A few years ago, I caught an episode of the cable TV show “Inside The Actor’s Studio,” with James Lipton. If you’ve seen it, you know the basic idea: Lipton invites celebrities – famous actors, writers and directors – to talk about their careers and how they do what they do. And he always ends each episode the same way, with one particular question: “If you believe that God exists, what do you think He will say to you when you finally see Him?”
It’s a good question, by the way, to ask ourselves periodically. It can make for an interesting examination of conscience.
Anyway: on this episode, the person James Lipton was interviewing was Steven Spielberg.
Lipton asked him that final question:
What do you hope God will say to you when you finally see Him?
And Spielberg thought for a moment and smiled. He replied:
“’Thanks for listening.’”
Thanks for listening.
That wonderful answer popped into my mind as I read over this gospel that we just heard, the greatest beginning of the greatest story ever told. So much of the Christmas story is, truly, about listening.
When Gabriel arrives to bring Mary the news that she will bear a child…she listens.
When the angel tells Joseph in his dreams what is about to happen…he listens.
The shepherds listen when the angel announces the “good news of great joy.”
In the passage immediately following this, they go out and tell the world what they have seen.
And the world listens.
Two thousand years later, we confront this stunning message – “tidings of comfort and joy,” as the carol describes it – and our hearts swell with the sentiment of the season.
We hear. But are we paying attention? Are we listening?
Christmas invites us to listen.
To listen for God’s messengers. To listen for His good news.
And what good news it is: that God is with us! That we are no longer alone. That He has come into our lives, and into our world. “The grace of God has appeared,” Paul writes. Or as Isaiah puts it so beautifully: “The people who walked in darkness have seen a great light.”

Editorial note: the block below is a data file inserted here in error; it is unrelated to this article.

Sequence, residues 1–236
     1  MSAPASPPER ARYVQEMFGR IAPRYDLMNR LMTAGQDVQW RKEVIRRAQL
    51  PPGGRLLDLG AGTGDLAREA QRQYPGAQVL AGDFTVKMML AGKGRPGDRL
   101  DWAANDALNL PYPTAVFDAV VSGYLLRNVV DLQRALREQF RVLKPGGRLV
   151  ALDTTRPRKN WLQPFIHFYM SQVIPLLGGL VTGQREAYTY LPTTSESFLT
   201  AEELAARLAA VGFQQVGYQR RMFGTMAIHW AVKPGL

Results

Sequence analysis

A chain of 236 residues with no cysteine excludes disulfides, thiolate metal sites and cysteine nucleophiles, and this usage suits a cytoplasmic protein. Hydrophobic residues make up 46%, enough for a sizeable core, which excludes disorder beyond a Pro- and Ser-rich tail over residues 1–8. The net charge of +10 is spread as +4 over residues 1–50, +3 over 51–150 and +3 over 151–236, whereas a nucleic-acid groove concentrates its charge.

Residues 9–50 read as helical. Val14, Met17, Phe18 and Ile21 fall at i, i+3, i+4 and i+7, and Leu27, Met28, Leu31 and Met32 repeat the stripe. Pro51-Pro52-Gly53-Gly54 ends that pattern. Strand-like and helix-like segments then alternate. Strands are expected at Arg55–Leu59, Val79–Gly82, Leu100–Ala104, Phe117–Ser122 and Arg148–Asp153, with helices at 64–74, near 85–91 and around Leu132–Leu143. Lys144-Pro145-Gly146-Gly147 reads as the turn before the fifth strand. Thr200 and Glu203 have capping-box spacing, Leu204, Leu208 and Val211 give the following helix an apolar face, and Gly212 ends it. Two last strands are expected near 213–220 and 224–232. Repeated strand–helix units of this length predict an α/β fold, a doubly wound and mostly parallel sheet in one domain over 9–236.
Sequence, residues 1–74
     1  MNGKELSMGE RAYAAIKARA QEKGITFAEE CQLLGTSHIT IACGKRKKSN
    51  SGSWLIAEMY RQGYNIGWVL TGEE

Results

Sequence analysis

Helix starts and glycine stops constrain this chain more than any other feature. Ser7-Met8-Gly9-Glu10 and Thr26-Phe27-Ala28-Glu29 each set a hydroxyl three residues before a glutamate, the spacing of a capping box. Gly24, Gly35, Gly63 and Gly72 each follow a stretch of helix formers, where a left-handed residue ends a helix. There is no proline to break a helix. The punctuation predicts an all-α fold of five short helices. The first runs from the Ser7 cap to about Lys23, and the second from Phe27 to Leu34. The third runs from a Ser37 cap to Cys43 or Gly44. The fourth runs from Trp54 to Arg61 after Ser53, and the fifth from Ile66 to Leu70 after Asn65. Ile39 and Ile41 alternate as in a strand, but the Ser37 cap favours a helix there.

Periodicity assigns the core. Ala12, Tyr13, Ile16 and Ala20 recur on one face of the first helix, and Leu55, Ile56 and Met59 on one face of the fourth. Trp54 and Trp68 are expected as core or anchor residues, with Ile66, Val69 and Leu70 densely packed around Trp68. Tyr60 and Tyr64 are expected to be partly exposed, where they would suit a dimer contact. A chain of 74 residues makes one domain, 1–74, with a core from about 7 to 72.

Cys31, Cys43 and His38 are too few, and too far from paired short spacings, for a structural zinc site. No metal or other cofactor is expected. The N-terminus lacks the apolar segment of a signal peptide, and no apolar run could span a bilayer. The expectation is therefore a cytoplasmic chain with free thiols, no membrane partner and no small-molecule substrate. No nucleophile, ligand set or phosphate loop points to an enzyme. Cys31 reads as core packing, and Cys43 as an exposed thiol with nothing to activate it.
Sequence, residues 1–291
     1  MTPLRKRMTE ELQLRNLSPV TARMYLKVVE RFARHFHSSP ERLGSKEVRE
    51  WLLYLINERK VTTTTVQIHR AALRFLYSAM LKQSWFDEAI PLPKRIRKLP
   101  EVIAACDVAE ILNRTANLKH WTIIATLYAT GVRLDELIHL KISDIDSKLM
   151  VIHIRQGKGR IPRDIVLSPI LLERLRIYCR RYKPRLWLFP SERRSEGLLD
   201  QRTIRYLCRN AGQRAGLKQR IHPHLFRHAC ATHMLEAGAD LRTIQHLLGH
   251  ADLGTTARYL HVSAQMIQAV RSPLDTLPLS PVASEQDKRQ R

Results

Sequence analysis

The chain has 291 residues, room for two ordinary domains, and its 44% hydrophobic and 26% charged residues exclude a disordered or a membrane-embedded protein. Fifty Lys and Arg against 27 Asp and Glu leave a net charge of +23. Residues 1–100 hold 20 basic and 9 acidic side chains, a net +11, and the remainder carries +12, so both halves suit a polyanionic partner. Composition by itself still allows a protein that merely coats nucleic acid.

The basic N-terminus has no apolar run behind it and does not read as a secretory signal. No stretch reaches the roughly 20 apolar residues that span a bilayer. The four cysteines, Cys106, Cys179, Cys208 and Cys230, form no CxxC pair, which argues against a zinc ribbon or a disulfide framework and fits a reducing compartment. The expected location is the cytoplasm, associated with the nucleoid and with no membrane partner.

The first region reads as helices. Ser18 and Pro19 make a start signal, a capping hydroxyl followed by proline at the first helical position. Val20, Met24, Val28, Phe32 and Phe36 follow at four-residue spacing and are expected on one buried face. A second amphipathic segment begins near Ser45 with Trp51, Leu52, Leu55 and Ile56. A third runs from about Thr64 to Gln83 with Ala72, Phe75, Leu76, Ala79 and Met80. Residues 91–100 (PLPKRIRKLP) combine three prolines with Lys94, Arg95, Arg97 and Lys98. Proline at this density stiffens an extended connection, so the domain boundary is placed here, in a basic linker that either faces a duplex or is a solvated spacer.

This is the news we have been waiting for.
The news all of humanity has been listening for.
Think of how Christmas comes to us – if only we listen for it.
It comes to us with the clang of bells, a blare of trumpets. The rip of wrapping paper. The laughter of loved ones around the table.
It comes in unexpected sounds, too. A soft voice that a soldier hears on the other end of a telephone line, a voice that says “I miss you.”
It comes on Christmas Eve, when a recovering alcoholic walks by a bar, and hears the laughter inside – but keeps on walking.
It is also there in the silence, when the one who used to share your life and your home is no longer there, and you find your heart full of sorrow and longing and memory – and into that, unexpectedly, comes Christmas. Quietly. Gently. Whispering with the angels: “Rejoice. Rejoice, because we are not alone. God is with us. Emmanuel.”
Not long ago, I heard the story of a man who had lost his job right before Christmas. It’s a story we’re hearing a lot these days. The man was a salesman with two young children. His wife was beside herself with worry, and didn’t know what they would tell the kids. How would they celebrate Christmas? She was also a very proud woman, and hated to ask for any kind of help. But she swallowed her pride, and called her brother in another state and asked if there was anything he could do.
Well, there was. He drove down with his family and he helped create Christmas that year – the tree, the dinner, gifts, the spirit, the memories that would last a lifetime. It happened because when he heard someone in need, he listened. And his heart was moved by love.
That Christmas happened over 40 years ago. The salesman who lost his job was my father.
I never heard what had happened, or the real story about that Christmas, until after my parents had died.
But I’ll always remember that my uncle did more than hear a need. He listened. And he loved.
My friends, on this miraculous night, the message I want to leave with you is so simple: Listen. With your ears. And with your heart. Our salvation has been announced. What will we do with it?
Twenty centuries ago, shepherds listened, and told the world what they heard. But God has no shepherds now but us. We are the ones chosen to hear His good news – and to pass it on. It is news of wonder and hope. Of light breaking through darkness.
It is the sound of music filling the heavens. Of Hallalujahs in our hearts.
Listen for it. Surrender to the joy. Carry it with you out into the night.
And if we do, maybe one day we might hear God say, in gratitude and in joy:
“Thanks for listening.”
Thank YOU for listening.
And Merry Christmas!
— Homily for Midnight Mass, Christmas 2008